Capitalismo bueno, capitalismo malo

Cuando cayó el muro de Berlín en 1989, mucha gente supuso que el “capitalismo” había ganado la guerra fría ideológica y el “comunismo” había perdido. Pero, si bien el “capitalismo” –definido como un sistema económico basado en la propiedad privada—claramente ha prevalecido, hay muchas diferencias entre los cerca de 200 países que actualmente lo practican de alguna forma.

Es útil dividir a las economías capitalistas en cuatro categorías amplias. Si bien muchas economías caen en varias de ellas, la mayoría se puede clasificar principalmente en una de las categorías. La siguiente tipología ayuda a explicar por qué algunas economías crecen más rápido que otras.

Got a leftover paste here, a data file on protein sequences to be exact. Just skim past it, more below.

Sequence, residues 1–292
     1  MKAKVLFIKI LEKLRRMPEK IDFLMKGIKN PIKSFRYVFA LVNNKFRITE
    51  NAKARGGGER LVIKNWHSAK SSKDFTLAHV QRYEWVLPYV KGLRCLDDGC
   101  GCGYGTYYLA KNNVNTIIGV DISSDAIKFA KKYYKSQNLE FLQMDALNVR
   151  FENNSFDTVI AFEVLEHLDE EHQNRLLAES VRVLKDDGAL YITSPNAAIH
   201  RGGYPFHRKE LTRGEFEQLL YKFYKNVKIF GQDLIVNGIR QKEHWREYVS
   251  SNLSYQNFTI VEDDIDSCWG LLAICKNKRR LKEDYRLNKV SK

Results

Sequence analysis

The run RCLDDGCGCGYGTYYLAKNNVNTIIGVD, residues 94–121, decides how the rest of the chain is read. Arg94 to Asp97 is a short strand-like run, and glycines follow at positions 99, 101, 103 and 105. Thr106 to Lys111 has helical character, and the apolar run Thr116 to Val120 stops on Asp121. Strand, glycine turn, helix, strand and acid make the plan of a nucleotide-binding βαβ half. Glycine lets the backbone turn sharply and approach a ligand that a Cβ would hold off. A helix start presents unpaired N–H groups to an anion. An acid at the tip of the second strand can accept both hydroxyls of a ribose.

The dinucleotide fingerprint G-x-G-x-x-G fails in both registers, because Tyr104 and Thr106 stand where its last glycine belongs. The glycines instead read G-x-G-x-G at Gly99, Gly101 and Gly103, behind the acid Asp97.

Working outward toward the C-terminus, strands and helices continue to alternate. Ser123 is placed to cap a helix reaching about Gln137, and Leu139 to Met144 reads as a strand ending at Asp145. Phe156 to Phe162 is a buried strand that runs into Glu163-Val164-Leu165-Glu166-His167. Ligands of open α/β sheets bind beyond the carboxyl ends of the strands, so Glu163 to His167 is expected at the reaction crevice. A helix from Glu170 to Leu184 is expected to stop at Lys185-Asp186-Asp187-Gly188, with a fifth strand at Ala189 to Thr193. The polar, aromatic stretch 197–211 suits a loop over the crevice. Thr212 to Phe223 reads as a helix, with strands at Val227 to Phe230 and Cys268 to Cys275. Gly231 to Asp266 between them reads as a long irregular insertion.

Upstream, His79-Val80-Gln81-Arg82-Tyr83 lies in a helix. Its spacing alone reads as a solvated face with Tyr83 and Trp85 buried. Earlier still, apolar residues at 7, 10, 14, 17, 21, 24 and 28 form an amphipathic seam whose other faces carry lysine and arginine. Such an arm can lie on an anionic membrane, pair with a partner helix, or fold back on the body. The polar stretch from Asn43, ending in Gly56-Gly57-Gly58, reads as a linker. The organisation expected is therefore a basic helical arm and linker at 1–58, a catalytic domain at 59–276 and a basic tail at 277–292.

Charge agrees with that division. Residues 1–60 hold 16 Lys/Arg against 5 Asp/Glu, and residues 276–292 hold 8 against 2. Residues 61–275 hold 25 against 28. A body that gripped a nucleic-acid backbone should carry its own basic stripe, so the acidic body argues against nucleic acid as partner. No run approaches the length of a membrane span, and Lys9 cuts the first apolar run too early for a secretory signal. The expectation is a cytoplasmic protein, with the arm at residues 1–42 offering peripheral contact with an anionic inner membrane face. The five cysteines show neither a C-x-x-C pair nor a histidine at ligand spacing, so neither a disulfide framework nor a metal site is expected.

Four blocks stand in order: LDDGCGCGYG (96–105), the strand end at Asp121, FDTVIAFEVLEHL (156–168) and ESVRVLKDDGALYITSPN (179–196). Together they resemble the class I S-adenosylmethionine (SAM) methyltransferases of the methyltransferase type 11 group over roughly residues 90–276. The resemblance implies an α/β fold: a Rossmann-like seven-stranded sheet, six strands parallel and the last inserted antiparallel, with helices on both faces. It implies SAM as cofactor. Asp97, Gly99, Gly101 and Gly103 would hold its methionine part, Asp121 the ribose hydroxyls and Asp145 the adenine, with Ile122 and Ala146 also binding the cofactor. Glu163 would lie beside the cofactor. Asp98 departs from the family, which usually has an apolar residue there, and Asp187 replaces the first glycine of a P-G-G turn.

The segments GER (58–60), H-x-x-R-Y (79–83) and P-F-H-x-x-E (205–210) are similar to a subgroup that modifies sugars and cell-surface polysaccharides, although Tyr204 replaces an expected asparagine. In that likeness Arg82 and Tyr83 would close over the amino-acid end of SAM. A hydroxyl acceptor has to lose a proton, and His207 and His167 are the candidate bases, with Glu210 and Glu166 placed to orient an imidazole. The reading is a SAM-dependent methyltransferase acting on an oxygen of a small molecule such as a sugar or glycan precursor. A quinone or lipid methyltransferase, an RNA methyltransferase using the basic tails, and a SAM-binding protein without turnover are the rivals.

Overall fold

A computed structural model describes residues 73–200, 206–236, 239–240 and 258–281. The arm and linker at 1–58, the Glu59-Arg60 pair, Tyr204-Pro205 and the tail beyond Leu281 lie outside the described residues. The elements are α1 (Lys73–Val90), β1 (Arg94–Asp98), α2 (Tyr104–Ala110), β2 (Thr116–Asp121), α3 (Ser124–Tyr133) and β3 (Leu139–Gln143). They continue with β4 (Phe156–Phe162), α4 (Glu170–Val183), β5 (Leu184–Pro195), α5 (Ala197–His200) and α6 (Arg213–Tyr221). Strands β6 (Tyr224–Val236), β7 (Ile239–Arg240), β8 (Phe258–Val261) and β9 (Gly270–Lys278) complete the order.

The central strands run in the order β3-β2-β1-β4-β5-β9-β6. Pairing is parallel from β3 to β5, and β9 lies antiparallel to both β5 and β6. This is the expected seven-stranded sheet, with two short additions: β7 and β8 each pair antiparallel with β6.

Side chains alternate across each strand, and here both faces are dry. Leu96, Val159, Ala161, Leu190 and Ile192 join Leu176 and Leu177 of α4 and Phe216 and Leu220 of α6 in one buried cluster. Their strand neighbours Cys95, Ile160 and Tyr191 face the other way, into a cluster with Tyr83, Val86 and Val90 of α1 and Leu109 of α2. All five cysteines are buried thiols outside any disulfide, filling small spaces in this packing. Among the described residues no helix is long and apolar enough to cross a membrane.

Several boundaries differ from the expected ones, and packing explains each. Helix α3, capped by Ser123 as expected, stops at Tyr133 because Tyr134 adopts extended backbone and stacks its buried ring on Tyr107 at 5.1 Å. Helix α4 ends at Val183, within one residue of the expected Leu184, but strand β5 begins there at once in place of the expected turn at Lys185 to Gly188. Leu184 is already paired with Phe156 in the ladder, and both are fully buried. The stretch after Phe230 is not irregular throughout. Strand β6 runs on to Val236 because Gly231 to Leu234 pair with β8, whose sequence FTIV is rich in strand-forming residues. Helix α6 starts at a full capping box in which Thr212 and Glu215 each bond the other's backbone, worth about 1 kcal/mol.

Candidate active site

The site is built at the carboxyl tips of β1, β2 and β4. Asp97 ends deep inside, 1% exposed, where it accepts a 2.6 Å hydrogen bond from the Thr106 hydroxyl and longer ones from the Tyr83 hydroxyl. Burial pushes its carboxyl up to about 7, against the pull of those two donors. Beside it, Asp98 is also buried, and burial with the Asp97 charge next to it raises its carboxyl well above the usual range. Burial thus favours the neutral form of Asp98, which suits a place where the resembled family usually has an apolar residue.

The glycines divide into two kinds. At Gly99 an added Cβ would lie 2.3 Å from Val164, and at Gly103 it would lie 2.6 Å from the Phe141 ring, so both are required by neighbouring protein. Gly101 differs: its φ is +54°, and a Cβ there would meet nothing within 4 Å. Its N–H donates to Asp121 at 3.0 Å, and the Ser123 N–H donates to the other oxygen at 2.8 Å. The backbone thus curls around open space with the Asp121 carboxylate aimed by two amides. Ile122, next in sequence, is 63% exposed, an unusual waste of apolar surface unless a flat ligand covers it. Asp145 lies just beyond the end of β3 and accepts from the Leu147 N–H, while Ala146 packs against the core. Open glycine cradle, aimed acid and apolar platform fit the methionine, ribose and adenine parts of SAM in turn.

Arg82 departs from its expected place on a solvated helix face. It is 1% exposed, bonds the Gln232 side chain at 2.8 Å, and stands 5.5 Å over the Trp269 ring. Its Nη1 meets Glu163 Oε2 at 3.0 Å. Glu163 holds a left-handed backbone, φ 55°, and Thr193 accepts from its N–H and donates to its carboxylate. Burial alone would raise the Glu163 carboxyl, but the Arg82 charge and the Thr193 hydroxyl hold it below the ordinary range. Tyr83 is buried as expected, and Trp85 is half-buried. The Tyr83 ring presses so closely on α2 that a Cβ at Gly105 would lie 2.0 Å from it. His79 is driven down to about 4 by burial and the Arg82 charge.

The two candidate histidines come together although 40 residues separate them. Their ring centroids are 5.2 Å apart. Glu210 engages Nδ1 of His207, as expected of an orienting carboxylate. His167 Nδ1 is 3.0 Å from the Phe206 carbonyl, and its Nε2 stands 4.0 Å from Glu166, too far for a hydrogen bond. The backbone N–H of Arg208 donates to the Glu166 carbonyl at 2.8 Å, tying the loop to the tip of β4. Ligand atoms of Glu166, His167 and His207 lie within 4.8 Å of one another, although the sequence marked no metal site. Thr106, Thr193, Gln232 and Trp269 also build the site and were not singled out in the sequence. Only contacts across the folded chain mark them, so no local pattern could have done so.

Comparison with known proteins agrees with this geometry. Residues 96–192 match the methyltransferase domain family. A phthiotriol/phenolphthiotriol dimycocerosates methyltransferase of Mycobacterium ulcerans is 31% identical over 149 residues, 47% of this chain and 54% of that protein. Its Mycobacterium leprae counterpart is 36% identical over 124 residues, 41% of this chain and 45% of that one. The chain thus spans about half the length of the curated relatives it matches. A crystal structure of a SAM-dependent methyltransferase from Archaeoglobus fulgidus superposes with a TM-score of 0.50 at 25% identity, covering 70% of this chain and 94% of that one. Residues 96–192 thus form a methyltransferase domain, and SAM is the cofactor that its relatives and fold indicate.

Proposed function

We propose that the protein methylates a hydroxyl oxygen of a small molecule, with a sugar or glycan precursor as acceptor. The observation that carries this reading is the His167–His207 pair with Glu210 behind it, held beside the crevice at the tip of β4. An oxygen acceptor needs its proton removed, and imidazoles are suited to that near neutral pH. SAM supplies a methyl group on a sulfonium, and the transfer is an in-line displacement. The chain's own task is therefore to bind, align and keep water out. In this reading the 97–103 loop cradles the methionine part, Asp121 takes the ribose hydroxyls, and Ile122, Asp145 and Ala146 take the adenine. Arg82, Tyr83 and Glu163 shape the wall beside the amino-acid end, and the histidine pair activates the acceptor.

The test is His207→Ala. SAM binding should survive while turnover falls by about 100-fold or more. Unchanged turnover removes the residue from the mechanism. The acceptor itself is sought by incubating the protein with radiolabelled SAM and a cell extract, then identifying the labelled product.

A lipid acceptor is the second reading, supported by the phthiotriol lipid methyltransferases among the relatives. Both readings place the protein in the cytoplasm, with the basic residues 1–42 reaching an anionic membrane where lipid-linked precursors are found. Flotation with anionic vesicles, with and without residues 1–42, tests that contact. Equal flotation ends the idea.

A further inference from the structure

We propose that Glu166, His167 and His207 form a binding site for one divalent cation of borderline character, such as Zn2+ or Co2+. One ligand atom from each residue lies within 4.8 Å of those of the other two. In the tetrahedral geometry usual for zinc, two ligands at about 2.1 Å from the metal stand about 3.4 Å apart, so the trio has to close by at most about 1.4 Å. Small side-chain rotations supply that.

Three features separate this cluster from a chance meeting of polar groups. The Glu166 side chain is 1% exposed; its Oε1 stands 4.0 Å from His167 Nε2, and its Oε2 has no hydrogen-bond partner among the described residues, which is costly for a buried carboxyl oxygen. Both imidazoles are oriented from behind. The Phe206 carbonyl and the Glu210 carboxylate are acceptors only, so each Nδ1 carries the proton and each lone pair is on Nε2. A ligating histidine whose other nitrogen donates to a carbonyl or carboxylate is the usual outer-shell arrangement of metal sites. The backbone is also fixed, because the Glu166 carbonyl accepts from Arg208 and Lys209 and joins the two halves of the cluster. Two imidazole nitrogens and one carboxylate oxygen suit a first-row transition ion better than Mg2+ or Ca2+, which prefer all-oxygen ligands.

El capitalismo oligárquico existe cuando el poder y el dinero están muy concentrados en unas cuantas personas. Es la peor forma de capitalismo, no sólo por la desigualdad extrema de ingresos y riqueza que esas economías toleran, sino también porque las élites no promueven el crecimiento como objetivo central de la política económica. En cambio, los oligarcas fijan las reglas para maximizar sus ingresos y riqueza propios. Este es el sistema que prevalece en gran parte de América Latina, el Medio Oriente árabe y África.

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